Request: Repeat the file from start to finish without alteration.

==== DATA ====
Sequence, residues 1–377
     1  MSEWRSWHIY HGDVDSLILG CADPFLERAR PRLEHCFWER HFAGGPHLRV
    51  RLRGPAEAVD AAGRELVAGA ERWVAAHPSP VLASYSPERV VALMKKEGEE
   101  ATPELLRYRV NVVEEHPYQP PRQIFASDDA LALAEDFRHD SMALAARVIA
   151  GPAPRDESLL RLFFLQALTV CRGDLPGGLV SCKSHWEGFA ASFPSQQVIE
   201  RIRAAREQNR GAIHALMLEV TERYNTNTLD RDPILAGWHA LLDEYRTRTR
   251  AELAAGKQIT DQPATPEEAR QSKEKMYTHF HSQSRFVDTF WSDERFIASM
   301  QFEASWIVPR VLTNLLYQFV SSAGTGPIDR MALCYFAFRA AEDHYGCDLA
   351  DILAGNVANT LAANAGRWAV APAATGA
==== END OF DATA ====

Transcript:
Sequence, residues 1–377
     1  MSEWRSWHIY HGDVDSLILG CADPFLERAR PRLEHCFWER HFAGGPHLRV
    51  RLRGPAEAVD AAGRELVAGA ERWVAAHPSP VLASYSPERV VALMKKEGEE
   101  ATPELLRYRV NVVEEHPYQP PRQIFASDDA LALAEDFRHD SMALAARVIA
   151  GPAPRDESLL RLFFLQALTV CRGDLPGGLV SCKSHWEGFA ASFPSQQVIE
   201  RIRAAREQNR GAIHALMLEV TERYNTNTLD RDPILAGWHA LLDEYRTRTR
   251  AELAAGKQIT DQPATPEEAR QSKEKMYTHF HSQSRFVDTF WSDERFIASM
   301  QFEASWIVPR VLTNLLYQFV SSAGTGPIDR MALCYFAFRA AEDHYGCDLA
   351  DILAGNVANT LAANAGRWAV APAATGA